Inadequate staff and budget capacity are compromising the efficacy of marine protected areas (MPAs), according to a study in Nature.
In 2011, 193 countries agreed that by 2020, 10% of the world’s coastal and marine areas should be managed within MPAs - areas where, for conservation purposes, human activity is restricted - and by other conservation measures. However, the efficacy of many MPAs remains unclear and evidence suggests that they often fail to deliver positive social and ecological outcomes.
David Gill and colleagues developed a global database of management data and fish population data from 433 and 218 MPAs, respectively. The authors found that the majority of MPAs had a positive impact on fish populations (71% of the 218 MPAs for which fish population data was collected), but this effect was highly variable. When the authors compared the management and ecological data of 62 MPAs in 24 countries, they found that staff capacity was the most important factor in explaining fish responses to MPA protection (accounting for 19% of the variation in ecological outcomes), with budget second. MPAs with adequate staff capacity were found to have ecological effects 2.9 times greater than those with inadequate capacity.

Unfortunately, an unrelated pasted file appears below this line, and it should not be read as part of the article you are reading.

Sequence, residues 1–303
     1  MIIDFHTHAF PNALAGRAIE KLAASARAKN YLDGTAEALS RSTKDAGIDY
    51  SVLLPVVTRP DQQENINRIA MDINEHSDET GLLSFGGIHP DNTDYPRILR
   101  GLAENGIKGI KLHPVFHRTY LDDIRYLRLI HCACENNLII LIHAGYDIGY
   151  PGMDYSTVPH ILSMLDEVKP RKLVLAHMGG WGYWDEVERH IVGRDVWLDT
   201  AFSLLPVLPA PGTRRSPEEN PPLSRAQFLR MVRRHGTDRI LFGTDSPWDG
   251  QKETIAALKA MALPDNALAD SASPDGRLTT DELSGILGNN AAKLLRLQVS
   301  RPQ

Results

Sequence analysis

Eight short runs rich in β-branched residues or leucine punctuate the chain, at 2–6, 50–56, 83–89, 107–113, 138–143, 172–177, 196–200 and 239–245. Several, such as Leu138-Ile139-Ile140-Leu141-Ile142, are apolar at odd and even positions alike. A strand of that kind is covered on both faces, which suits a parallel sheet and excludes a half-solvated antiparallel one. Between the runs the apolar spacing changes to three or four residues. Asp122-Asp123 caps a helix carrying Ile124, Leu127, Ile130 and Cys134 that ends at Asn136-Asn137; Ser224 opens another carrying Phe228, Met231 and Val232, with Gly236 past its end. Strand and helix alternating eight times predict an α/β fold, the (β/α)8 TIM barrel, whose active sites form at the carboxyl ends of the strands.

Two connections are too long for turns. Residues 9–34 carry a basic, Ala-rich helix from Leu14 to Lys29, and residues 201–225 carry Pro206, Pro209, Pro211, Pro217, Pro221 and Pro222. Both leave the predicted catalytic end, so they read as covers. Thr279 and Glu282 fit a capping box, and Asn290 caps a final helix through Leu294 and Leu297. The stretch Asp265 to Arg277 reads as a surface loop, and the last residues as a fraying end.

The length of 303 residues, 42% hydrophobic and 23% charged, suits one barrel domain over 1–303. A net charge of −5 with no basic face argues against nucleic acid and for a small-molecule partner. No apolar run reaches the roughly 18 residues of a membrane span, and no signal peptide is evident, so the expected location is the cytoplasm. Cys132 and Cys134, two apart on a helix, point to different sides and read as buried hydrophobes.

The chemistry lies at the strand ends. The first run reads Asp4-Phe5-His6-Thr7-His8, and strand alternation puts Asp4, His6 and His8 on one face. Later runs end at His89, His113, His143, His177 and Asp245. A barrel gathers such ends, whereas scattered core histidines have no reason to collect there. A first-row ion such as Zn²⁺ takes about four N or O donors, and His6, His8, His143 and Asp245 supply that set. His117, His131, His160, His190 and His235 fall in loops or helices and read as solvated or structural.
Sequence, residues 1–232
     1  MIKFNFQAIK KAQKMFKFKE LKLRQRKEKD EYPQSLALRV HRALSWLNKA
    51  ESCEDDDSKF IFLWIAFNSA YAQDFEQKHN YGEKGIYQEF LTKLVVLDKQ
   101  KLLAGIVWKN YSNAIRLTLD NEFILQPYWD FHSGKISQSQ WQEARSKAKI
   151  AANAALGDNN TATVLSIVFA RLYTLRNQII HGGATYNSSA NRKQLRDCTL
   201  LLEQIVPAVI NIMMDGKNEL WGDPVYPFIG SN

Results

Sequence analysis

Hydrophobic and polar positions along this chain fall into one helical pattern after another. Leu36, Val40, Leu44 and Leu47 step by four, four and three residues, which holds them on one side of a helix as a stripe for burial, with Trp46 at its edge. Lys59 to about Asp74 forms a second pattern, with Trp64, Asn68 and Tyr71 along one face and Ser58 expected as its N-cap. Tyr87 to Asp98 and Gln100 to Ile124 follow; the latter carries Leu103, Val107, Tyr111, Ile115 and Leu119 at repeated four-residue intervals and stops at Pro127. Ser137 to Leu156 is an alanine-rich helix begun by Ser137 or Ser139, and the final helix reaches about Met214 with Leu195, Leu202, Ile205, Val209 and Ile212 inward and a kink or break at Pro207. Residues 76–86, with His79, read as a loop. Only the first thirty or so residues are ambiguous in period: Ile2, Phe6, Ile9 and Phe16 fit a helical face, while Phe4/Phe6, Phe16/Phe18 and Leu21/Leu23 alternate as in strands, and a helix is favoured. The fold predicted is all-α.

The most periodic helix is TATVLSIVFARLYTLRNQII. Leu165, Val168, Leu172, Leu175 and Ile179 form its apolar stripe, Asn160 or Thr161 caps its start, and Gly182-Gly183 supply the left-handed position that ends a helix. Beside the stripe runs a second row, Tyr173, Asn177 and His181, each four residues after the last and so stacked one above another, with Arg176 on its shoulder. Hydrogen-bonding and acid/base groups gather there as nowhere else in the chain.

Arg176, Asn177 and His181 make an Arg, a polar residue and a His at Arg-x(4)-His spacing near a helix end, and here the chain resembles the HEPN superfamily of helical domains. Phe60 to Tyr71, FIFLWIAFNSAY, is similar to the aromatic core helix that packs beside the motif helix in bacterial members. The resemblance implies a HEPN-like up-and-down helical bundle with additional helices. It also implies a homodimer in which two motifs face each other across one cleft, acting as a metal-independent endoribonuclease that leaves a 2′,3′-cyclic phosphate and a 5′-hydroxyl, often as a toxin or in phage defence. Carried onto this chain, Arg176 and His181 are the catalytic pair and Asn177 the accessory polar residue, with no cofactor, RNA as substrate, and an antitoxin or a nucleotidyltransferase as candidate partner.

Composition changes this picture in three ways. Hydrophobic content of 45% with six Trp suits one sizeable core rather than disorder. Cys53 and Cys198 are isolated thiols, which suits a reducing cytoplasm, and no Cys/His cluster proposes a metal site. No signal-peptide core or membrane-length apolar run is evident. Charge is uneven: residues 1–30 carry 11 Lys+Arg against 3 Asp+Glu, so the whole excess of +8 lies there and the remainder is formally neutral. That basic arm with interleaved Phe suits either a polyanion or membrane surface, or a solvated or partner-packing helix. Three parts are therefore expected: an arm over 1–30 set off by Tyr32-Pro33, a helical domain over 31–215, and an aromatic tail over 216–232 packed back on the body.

The authors suggest that the continued global expansion of MPAs without adequate investment in staff and financial capacity is likely to lead to sub-optimal conservation outcomes.